London: The international Covid vaccine scheme Covax has failed to evenly distribute vaccines against the infectious disease to poor countries, while rich countries have brought the jabs in surplus, many of which have also gone to waste.
"Rich countries have received 16 times more Covid-19 vaccines per person than poorer nations that rely on the Covax programme backed by the World Health Organization," according to an analysis by the Financial Times.
Data compiled by Unicef, a key implementation partner in the global vaccine scheme, show that 9.3 vaccines have been delivered to low-income countries for every 100 people, the report said. Of this, 7.1 have been delivered through Covax.
On the other hand, 115 of 155 high-income countries have received Covid vaccines through known bilateral and multilateral agreements.
According to Our World in Data, less than 3 per cent of people in low-income countries have received at least one dose, compared with three quarters in wealthier countries.
Launched in 2020, Covax was aimed at giving people in poor countries equitable access to vaccines.
But "the scheme has, so far, only delivered about 400 million doses out of an already-cut yearly projection of 1.4 billion," the report said.
It now "faces the challenge of delivering about 1 billion doses in 68 days -- almost 14 million doses a day -- to meet its 2021 goals," the report added.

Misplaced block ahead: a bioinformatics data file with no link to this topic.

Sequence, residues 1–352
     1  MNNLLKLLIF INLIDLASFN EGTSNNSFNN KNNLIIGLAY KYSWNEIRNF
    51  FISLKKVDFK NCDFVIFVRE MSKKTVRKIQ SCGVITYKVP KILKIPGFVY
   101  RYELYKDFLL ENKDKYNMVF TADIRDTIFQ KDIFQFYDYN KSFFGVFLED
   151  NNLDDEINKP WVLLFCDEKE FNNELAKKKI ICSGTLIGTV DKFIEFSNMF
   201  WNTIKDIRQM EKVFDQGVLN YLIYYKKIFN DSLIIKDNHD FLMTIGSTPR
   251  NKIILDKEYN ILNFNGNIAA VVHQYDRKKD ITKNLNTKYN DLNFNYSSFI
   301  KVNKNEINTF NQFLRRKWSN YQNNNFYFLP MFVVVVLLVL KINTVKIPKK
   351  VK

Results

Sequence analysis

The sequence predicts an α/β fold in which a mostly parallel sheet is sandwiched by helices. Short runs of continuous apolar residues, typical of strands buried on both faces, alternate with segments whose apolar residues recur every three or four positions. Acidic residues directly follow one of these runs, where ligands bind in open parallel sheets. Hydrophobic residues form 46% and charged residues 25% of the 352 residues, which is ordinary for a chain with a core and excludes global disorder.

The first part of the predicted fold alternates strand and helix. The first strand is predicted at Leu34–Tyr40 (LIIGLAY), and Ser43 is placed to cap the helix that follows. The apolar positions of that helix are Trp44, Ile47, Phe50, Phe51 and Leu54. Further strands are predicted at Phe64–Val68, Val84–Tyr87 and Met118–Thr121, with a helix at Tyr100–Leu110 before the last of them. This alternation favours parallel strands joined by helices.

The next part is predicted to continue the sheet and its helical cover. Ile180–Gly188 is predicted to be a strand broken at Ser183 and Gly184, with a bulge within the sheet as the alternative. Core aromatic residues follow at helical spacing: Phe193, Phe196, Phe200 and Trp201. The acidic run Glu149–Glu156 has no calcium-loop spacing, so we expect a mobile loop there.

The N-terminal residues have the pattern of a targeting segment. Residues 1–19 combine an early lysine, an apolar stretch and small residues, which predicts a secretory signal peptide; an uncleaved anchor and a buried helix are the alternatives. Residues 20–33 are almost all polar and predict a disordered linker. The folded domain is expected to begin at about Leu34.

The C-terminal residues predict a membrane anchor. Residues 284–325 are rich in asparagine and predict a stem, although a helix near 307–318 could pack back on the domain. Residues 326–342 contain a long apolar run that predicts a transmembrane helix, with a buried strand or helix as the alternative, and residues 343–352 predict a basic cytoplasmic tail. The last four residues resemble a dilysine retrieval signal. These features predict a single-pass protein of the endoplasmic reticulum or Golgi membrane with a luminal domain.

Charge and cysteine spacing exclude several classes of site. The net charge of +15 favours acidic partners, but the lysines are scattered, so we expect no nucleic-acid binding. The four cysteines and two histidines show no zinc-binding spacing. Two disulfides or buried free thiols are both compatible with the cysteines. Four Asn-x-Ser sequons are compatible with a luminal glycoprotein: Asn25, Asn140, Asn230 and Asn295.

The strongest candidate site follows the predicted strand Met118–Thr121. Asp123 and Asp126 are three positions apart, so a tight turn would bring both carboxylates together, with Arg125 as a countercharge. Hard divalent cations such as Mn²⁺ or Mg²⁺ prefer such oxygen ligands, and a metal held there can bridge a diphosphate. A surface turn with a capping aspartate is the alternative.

Further, Covax was originally supposed to ease procurement of vaccines for poorer nations, by means of collective bargaining by counties. But first it faced delays in shipments, then instead of making a combined deal with manufacturers, richer nations struck their own vaccine contracts.
This weakened the facility's overall negotiating power because Covax was left to negotiate on behalf of fewer nations, the report said.
"Covax is definitely being left behind, (the) industry is prioritising other bilateral contracts," a high-ranking official with direct knowledge of the issue was quoted as saying to FT.
To boost the availability of vaccines, the WHO earlier this month issued a renewed call for dose-swapping and called for a global moratorium on booster shots until the end of the year. It has stated that the Covid-19 pandemic will drag on until 2022, much longer than it needs to, because several poor countries have not received vaccines against the deadly infectious disease.